Germany has seen the rise and fall of many secret societies and has harbored or fostered the growth of more than most European countries.
From the Rosicrucians to the Order to the Golden Dawn, from the Freemasons to the early days of the Nazi Party, Germany has had its fair share of intrigue. The Catholic Church and even the established Nazi Party had tried, in vain, to stamp them out, but the fire created by the methods of secret societies is difficult to quench.
No sooner has it been stamped out in one place than it starts up again in another, like a forest fire that refuses to die. One secret society with such a voracious fire was the Holy Vehm. This unique society had, for centuries, brought fear to the German people, both powerful and weak. It was open in its goal - revolution - and its vigilance was such that the name of the Holy Vehm was known across the world.
Although they were believed to have disappeared at the end of the 16th century, their symbol of a red cross on a white background survives to this day in the International Committee of the Red Cross, and their disappearance seems to have occurred at the same time as the appearance of the Rosicrucians (rosy or red cross).
Members even saw themselves as “seers” and “illumines” (Wissend or Wise Ones) and outsiders were known as those “who had not seen the light.”
But what was their origin and how did they become so feared?
The standard orthodox history claims that by the middle of the 13th century and at the height of Templar power, Westphalia in Germany was suffering from a state of lawlessness and oppression from loosened warriors, mercenaries, and bands of outlaws. It seemed no innocent man could travel between the rivers Rhine and Weser, and so the Chivalrous Order of the Holy Vehm or Fehm was secretly created to counter this state of affairs.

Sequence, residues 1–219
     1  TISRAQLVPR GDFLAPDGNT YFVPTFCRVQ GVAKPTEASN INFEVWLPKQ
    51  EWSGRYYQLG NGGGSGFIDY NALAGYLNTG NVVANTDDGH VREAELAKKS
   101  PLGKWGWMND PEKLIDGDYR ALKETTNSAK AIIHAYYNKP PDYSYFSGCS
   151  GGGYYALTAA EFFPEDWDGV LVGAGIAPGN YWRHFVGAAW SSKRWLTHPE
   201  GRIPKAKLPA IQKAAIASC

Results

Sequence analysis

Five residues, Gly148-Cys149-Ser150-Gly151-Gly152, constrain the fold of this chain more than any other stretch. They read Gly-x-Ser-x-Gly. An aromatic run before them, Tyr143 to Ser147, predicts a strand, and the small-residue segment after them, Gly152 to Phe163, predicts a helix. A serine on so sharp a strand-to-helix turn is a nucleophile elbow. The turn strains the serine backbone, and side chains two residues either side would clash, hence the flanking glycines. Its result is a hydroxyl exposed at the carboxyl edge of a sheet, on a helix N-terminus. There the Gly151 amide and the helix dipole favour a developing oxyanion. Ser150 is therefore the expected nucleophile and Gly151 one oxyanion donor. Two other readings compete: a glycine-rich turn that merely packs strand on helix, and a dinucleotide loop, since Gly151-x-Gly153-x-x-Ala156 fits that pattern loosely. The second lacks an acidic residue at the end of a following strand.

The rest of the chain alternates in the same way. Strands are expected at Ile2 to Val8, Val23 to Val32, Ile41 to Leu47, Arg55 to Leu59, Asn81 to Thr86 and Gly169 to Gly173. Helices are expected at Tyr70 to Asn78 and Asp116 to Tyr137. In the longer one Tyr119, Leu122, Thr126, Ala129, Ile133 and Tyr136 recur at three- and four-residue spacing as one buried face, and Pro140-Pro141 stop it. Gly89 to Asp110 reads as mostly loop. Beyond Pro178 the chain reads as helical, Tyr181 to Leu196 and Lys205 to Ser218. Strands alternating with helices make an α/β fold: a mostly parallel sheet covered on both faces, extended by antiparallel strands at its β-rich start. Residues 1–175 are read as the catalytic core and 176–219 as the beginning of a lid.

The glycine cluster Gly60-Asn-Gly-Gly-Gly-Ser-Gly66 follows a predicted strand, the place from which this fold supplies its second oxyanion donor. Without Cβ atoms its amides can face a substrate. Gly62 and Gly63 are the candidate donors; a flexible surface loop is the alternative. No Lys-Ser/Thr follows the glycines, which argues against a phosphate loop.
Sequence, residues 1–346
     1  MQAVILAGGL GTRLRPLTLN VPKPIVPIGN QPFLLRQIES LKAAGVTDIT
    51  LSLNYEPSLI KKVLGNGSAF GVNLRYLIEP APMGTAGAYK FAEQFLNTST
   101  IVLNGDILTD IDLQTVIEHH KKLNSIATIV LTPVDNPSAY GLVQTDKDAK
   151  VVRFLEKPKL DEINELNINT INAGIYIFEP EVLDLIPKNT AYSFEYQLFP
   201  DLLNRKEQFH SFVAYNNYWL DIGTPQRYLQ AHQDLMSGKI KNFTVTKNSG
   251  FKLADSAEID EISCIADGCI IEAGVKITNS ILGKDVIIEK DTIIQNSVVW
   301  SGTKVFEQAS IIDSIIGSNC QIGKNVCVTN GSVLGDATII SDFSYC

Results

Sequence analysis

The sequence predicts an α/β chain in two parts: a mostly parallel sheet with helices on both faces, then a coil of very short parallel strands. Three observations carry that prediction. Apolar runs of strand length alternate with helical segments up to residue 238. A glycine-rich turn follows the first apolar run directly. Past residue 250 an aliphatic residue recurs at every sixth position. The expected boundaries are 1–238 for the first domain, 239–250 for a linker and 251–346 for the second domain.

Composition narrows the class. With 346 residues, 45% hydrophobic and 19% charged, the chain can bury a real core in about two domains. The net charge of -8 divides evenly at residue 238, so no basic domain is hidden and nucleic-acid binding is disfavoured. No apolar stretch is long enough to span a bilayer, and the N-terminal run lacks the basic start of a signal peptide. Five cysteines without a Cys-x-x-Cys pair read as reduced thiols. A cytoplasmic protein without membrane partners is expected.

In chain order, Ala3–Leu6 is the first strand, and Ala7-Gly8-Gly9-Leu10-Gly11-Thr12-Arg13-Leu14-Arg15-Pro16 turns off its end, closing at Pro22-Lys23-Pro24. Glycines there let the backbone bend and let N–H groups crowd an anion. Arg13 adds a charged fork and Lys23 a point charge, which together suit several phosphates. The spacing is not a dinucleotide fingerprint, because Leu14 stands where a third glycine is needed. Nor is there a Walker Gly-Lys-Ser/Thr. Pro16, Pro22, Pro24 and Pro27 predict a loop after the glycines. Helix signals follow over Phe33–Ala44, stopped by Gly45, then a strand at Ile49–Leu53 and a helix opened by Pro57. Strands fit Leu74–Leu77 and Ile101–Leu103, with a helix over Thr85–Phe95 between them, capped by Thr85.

It was created by ex-outlaws and freemen who now had families and business concerns of their own to worry about and so, with the initial backing and aid of the Holy Church, they took up arms and horse and chased down the tyrants.
Eventually the Holy Vehm began to take the law into their own hands and held secret sessions wherein they judged those they had caught and sentenced them often to death. The term fehm or vehm is derived from the Latin fama, a law of common or agreed form. It can also mean to be “set apart,” just as they saw themselves. Fehm can also mean “black” or “wisdom.”
During this time, secrecy was paramount because of reprisals from the outlaws and soon oaths and rituals were part of the bargain. For instance, during the initiation the candidate would swear on oath to kill himself and his family should he reveal himself to be a member of the Holy Vehm.
The judge or Stuhlherren would then place his sword across the candidate’s throat and draw a few drops of blood to seal the oath and serve as a reminder of the judgment he would receive. The initiate would then kiss the cross on the hilt.
These oaths were taken at receptions, which were often held in caves or the depths of the forest, and went something like this:
Although the “receptions” were held at night and sometimes in caves, the
actual judgments were in open, public places, and often in the morning, as
said, these judgments, or Heimliches Gericht, were always held at midnight.
Because these judgments almost always resulted in execution, those charged,